Ericsson and Nokia both confirm their Russian exit

Russia and Ukraine war, conflict, confrontation. Fighting between Russia and Ukraine, symbolized by national flags stained in blood, 3d illustration

Nordic kit vendors Ericsson and Nokia are gradually moving towards a complete exit from the Russian market.

Last April Ericsson announced the partial indefinite suspension of its activities in Russia in response to the country’s invasion of Ukraine. A day later Nokia seemed to go a step further by declaring a full exit from Russia, pausing only to allow for an orderly transfer of responsibilities. With the war still very much underway four months later, it seems the time has come to formalise the process, or at least begin to.

“Since announcement of indefinite suspension of business operations in Russia in April 2022, we have been working through the implications closely with our customers and employees,” said Ericsson in an emailed statement to “Ericsson will gradually wind down business activities in Russia as we complete our customer obligations over the coming months. Ericsson currently has 400 employees in Russia and we are fully committed to provide financial and well-being support to all employees who will be affected. Many of our employees were already on paid leave.”

Meanwhile Nokia has been speaking to multiple media to confirm that it expects its exodus from Russia to be largely complete by the end of this year, pending the completion of all the legal formalities. So the only real update from Nokia is to attach a bit more of a precise timescale to its move than Ericsson has.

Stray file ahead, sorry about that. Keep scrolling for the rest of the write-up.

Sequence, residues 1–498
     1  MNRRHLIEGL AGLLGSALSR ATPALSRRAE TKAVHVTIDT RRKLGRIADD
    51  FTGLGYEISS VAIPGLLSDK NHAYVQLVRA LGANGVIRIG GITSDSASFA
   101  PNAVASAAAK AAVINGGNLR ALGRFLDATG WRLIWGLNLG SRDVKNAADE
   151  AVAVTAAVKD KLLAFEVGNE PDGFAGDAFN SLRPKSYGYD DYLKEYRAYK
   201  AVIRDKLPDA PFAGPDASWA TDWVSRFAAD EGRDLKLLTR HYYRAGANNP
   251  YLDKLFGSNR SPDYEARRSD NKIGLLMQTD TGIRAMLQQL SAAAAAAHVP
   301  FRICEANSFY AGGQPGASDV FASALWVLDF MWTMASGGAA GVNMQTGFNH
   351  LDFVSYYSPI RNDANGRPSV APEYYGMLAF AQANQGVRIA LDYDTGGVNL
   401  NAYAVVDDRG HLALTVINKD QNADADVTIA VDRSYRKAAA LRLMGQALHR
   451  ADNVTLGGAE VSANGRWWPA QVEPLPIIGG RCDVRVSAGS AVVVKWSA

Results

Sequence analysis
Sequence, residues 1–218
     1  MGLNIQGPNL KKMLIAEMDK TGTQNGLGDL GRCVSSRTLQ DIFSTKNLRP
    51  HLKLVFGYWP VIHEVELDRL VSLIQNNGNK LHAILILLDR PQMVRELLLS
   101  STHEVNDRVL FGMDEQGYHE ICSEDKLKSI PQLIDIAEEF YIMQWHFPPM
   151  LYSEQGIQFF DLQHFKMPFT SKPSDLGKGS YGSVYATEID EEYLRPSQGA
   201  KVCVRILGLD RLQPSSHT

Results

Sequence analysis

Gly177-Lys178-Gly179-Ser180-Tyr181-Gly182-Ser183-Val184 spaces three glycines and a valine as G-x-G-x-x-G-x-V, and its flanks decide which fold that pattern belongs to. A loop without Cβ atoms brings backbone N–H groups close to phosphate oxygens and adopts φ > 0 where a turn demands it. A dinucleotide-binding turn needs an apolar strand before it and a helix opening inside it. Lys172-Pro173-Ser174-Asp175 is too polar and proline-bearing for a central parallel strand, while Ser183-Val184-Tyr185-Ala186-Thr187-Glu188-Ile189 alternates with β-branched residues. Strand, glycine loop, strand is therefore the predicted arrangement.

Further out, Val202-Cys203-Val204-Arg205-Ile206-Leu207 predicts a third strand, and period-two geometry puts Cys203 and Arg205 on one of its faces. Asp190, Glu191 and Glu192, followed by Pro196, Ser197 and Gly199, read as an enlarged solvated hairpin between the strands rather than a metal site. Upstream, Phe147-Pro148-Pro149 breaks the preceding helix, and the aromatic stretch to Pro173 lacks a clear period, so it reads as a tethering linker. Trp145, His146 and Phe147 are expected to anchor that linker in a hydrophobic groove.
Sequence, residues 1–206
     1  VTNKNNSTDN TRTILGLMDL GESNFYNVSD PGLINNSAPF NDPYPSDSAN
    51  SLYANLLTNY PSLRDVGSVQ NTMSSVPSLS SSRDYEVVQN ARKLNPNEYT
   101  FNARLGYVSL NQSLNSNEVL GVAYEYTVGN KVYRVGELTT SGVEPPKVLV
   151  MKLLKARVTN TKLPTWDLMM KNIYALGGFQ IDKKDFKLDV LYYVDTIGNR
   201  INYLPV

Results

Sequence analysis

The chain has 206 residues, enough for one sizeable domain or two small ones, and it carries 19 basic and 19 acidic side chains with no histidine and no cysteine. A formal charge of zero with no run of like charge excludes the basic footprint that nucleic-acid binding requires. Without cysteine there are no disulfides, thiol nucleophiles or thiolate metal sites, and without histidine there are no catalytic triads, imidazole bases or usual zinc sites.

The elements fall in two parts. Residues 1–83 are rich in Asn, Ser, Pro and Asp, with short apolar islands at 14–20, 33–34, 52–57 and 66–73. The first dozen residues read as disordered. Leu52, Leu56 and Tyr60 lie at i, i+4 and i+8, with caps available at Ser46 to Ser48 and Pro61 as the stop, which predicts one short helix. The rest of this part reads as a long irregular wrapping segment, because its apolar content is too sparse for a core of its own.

The inevitable consequence of the West cutting off Russia is to drive it further into the arms of China. Huawei and ZTE have made no significant public statements on the matter that we’re aware of and the Chinese government, too, has declined to join in the condemnatory huffing and puffing. It does seem safe to assume Chinese vendors will fill the vacuum left by Ericsson and Nokia’s exit, however, thus furthering the trend towards two distinct global telecoms ecosystems.


UPDATE – 0900 31/8/22: We received the following official statement on the matter from Nokia:

Our progress to exit the Russian market in an orderly and responsible manner continues on track and according to plan in compliance with all international sanctions and other restrictions.

The only remaining activity we have in Russia is limited maintenance of critical networks fulfilling our contractual and humanitarian obligations.

By the end of the year, the vast majority of our employees in Russia will have moved on from Nokia, and we have vacated all of our offices. We will retain a formal presence in the country until the legal closure is completed.


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